Faith hears the voice of God sweetly speaking in the Scripture page. It calls, it invites, it allures. It warns to arise and flee the vanities of earth. It tells of their emptiness. It promises peace and delight in the reconciled smile of God. The enlightened soul simply obeys. It flies away, and basks beneath the rays of heaven.

      9, 10. "Do not hide Your face far from me; Do not turn Your servant away in anger; you have been my help; leave me not, neither forsake me, O God of my salvation. When my father and my mother forsake me, then the Lord will take me up."

      The brightest sun may soon be overcast. Clouds may arise, and storms threaten, and darkness and chilliness interpose. Thus sense of sin, and consciousness of deep corruption, may stir up misgivings. Prayer wrestlingly beseeches that the smile so gladly sought may not become averted, and that no just wrath may close the door of conscious acceptance. Former supports are urged in plea. God is addressed as pledged by covenant to save, and bound by strongest ties never to desert or fail.

      Earthly relationships are easily dissolved. Affection may decay. Fickleness begets estrangement. Distance may part. Death comes, and desolation sits where happy fellowship once reigned. But God's love in Christ is strong, immutable, eternal. He has the Father's heart, which beats with tenderness, incapable of diminution or of change. O Father, ever be a Father unto us!

      11. "Teach me Your way, O Lord, and lead me in a plain path, because of my enemies."

      We again see how warily assurance walks. The firm belief that God cannot forsake, increases diligence to desire for constant guidance. The holy fears awaken lest ignorance should lead into unrighteous ways, and cause the watchful enemy to exult. Teach me, lead me, are wise prayers. They bring the Spirit's light to shine upon the path, the Spirit's hand to give sustaining aid.

      12. "Deliver me not over unto the will of my enemies; for false witnesses have risen against me, and such as breathe out cruelty."

      We tread no path of trial or of suffering which is not hallowed by our Lord's preceding step. We taste no bitter cup which His lips have not drained. No misery afflicts us which He has not previously endured. The stings of slander are keen. It is anguish when false tongues persist in charging falsely. Jesus felt this. No scrutiny could find fault in Him; but still His judges must have a facade of evidence; therefore, false witnesses were bribed to fabricate malicious tales.

      There is great mercy in these foreshadowing views of Jesus. They imprint the stamp of inspiration on the blessed Word. David not only stands a conspicuous type, but words are placed upon his lips which find fulfillment in the varied trials of our Lord. We thankfully adore the mercy. We feel in our grateful hearts, The Scriptures are eternal truth; we may firmly trust them. They cannot be broken.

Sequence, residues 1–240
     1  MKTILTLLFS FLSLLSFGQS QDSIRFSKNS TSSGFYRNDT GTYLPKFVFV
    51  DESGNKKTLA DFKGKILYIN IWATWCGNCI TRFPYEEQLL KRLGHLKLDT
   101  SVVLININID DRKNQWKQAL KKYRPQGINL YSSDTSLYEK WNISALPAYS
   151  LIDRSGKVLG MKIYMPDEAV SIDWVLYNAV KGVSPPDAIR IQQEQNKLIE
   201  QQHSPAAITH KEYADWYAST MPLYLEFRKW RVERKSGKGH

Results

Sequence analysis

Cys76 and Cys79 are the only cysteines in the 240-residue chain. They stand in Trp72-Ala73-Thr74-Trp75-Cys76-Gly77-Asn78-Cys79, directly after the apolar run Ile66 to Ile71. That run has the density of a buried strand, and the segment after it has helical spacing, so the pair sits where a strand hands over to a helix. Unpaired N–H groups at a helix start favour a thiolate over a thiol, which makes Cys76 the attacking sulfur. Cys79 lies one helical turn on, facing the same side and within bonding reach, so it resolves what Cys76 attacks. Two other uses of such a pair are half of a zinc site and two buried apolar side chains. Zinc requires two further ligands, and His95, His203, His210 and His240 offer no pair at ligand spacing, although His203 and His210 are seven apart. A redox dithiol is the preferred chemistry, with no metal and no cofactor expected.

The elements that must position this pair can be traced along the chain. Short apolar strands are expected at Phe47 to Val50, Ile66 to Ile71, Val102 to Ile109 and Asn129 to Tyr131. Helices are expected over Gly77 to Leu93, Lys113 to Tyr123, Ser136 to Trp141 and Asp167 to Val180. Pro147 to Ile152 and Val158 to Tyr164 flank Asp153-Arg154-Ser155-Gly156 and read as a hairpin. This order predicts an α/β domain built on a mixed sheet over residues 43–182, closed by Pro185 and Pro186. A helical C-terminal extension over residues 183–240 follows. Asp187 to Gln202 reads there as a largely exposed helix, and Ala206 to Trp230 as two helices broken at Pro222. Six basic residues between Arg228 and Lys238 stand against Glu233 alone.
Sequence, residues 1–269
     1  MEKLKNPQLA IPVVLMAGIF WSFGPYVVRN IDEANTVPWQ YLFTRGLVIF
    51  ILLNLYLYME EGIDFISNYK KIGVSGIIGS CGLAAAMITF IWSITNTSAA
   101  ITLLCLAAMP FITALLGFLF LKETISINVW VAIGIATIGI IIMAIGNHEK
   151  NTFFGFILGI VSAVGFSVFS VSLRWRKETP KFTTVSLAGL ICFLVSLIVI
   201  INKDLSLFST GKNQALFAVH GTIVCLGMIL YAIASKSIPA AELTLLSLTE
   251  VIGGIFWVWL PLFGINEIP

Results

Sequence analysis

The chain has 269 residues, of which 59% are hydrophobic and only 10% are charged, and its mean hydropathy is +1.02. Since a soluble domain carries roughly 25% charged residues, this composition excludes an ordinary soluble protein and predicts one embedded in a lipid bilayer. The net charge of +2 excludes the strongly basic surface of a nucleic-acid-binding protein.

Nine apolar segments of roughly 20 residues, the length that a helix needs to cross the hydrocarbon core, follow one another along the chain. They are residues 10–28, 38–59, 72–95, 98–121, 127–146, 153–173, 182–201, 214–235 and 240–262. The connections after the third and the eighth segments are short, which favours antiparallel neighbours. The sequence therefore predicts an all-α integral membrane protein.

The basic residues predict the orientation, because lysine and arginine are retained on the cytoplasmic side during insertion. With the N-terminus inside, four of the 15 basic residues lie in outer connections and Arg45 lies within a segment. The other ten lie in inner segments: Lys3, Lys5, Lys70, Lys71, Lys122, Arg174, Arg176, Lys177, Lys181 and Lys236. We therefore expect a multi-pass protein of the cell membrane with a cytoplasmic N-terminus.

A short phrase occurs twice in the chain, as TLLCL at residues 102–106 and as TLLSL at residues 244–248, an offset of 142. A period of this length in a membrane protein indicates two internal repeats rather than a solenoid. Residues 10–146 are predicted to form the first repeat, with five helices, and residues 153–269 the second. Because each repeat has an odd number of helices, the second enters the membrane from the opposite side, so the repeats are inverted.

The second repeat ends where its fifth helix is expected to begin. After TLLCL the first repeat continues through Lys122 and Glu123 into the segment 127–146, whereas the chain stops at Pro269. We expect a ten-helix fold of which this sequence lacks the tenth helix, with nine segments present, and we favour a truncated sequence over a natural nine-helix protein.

13. "I had fainted, unless I had believed I would see the goodness of the Lord in the land of the living."

      The original sentence is strikingly incomplete. The words, "I had fainted", are adapted as implying the soul's forlorn and sinking state, if faith and hope had not sustained it. But amid all sorrows and fears a joyful expectation cheered our Lord. He looked onward to the final display of God's goodness in the land of the living. He knew that death could not detain Him. He foresaw the glorious land, where He would reign the living head of a living family. Let our hearts confidently look onward. Soon the shadows will have passed away--the day will dawn, goodness will be the one atmosphere, and living souls will ever live.

      14. "Wait on the Lord; be of good courage, and He shall strengthen your heart; wait, I say, on the Lord."

      The 'wonderful Counselor' exhorts His followers to be strong in Him. He asks them to trust as He had trusted, and they will find as He had found. May the Spirit help us to act out this precious lesson! May He so nerve our spirits that no despondency may ever weaken! And may our eyes be ever raised to heaven, waiting until mercies issue forth. If they tarry, still let us wait. In due time surely they will come.

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See Also:
   Psalm 1
   Psalm 2
   Psalm 3
   Psalm 4
   Psalm 5
   Psalm 6
   Psalm 7
   Psalm 8
   Psalm 9
   Psalm 10
   Psalm 11
   Psalm 12
   Psalm 13
   Psalm 14
   Psalm 15
   Psalm 16
   Psalm 17
   Psalm 18
   Psalm 19
   Psalm 20
   Psalm 21
   Psalm 22
   Psalm 23
   Psalm 24
   Psalm 25
   Psalm 26
   Psalm 27
   Psalm 28
   Psalm 29
   Psalm 30
   Psalm 31
   Psalm 32
   Psalm 33
   Psalm 34
   Psalm 35
   Psalm 36
   Psalm 37
   Psalm 38
   Psalm 39
   Psalm 40
   Psalm 41
   Psalm 42
   Psalm 43
   Psalm 44
   Psalm 45
   Psalm 46
   Psalm 47
   Psalm 48
   Psalm 49
   Psalm 50
   Psalm 51
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   Psalm 139
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   Psalm 144
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   Psalm 146
   Psalm 147
   Psalm 148
   Psalm 149
   Psalm 150